Bank Windhoek Triennial is back, seeks innovative works of art
Bank Windhoek in collaboration with the National Art Gallery of Namibia this week launched the 2020 Bank Windhoek Triennial, which showcases the quality and diversity of artwork produced by Namibian artists.
Staged every three years, the fifth edition of the art competition is now open to all artists with Namibian citizenship, or permanent residence holders.
The Triennial celebrates visual art in Namibia, while contributing to the development and promotion of the Namibian visual art industry. The exhibition that results from this competition, is also an opportunity to engage in dialogue around cultural diversity within Namibian society to promote unity in celebrating diversity. Participants, who are older than 18 years can look forward to a variety of exciting prizes in different categories.
“The National Art Gallery of Namibia is delighted to continue partnering with Bank Windhoek as its main sponsor for the Triennial. We look forward to innovative works of art, and encourage all artists to enter the competition. This is not only an opportunity for artists to win prizes, but also an important platform for networking and adds to their portfolios,” said the Gallery’s CEO, Snobia Kaputu.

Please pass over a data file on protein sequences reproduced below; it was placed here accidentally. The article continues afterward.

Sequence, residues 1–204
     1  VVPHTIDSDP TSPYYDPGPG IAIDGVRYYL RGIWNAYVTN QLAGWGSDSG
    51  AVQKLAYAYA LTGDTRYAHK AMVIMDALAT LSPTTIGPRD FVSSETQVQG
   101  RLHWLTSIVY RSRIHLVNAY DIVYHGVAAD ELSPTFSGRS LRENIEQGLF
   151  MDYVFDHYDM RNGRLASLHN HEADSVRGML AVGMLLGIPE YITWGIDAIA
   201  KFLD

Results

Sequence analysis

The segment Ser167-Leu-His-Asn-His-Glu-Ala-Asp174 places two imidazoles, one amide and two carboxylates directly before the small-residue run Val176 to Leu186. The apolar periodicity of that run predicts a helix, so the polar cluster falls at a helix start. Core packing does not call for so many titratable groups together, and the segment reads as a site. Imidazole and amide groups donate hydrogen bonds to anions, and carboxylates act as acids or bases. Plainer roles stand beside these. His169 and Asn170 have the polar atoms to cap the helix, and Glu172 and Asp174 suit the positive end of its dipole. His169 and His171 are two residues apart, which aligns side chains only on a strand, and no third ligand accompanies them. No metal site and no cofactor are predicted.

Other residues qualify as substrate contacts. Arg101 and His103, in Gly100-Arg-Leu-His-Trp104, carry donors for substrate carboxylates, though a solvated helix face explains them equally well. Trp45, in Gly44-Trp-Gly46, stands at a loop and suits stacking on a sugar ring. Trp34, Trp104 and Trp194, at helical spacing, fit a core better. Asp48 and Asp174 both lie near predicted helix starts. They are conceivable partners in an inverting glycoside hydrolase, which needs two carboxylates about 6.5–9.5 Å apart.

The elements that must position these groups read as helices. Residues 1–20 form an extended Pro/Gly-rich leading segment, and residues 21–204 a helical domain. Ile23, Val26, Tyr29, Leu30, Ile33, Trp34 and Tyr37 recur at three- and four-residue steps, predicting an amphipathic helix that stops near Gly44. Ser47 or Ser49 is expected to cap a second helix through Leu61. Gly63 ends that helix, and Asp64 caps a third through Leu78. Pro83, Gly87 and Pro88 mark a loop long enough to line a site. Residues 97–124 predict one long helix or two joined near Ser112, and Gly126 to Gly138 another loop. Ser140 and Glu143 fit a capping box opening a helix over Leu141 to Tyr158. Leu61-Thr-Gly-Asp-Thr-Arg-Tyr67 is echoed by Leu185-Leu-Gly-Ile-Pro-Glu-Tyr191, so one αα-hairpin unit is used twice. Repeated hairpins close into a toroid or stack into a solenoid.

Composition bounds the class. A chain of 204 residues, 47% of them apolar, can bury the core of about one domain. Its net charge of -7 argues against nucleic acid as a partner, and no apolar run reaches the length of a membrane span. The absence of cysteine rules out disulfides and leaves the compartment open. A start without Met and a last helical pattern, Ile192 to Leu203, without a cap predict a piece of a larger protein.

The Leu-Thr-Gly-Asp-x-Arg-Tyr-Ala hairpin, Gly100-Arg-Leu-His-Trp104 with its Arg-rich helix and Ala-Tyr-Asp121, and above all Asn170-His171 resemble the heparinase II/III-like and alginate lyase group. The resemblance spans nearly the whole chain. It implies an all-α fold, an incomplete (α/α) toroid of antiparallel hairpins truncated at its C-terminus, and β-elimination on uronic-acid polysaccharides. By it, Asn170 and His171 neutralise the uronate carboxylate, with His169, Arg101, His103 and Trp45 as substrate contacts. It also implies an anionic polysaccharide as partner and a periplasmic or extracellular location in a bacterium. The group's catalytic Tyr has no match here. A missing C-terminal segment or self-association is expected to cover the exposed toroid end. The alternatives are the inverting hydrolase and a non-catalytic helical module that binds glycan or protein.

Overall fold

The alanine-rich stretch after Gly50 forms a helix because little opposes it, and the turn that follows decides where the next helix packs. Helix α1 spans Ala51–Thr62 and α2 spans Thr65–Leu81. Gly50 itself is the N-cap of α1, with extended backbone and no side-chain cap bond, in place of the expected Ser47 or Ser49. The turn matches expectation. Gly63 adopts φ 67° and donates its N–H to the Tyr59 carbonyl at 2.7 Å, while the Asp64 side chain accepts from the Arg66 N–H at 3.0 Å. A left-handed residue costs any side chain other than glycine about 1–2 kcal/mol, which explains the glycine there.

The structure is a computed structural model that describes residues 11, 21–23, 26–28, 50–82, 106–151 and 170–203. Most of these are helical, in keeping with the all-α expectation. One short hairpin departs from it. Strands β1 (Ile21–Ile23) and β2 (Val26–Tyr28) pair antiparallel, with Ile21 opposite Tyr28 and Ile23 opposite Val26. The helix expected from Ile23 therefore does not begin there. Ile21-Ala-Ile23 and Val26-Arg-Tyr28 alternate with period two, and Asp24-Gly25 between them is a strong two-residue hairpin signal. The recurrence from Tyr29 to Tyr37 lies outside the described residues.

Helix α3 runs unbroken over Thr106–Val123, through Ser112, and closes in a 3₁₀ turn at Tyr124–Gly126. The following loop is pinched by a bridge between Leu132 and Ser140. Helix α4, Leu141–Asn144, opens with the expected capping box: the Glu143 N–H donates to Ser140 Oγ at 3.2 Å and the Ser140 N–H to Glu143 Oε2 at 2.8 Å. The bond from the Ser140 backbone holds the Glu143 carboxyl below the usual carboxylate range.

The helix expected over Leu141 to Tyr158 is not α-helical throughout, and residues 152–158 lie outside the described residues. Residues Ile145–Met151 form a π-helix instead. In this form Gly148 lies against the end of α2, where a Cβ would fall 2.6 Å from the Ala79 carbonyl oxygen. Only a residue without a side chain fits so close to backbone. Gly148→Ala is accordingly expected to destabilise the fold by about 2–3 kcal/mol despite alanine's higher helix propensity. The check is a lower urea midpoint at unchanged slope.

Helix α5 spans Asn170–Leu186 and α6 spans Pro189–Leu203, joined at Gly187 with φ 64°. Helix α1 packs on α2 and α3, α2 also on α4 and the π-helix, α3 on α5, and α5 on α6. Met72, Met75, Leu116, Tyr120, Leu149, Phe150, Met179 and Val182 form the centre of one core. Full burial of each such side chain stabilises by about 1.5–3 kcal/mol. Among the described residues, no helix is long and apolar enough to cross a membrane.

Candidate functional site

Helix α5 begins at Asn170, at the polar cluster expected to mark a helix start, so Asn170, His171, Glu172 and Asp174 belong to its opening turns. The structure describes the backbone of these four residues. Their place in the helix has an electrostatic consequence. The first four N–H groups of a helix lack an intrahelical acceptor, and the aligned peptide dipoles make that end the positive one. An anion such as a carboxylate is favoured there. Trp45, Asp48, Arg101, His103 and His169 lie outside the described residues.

A panel of local and international judges will make a selection of work for the exhibition as well as for prize winners. The exhibition opens on Thursday, 3 September 2020 and closes on Saturday, 7 November 2020.
Application forms can be downloaded on www.ngan.org.na or www.bankwindhoek.com.na. Hard copies can be obtained at the National Art Gallery of Namibia office, Bank Windhoek Branches countrywide as well as all regional council offices, including the collection points collection points countrywide. For more information, 061 231160, 061 231391, or 081 806 8694/2, or by email at firstname.lastname@example.org or email@example.com. The due date for applications is Friday, 26 June 2020.
Caption: Pictured is artwork of the 2017 Bank Windhoek Triennial winner, Isabel Katjavivi. Tilted ‘The Past is Not Buried’, Katjavivi’s creation makes a graveyard of a section of the National Art Gallery of Namibia, paying homage to those whose bones still litter the land, casualties of the extermination order.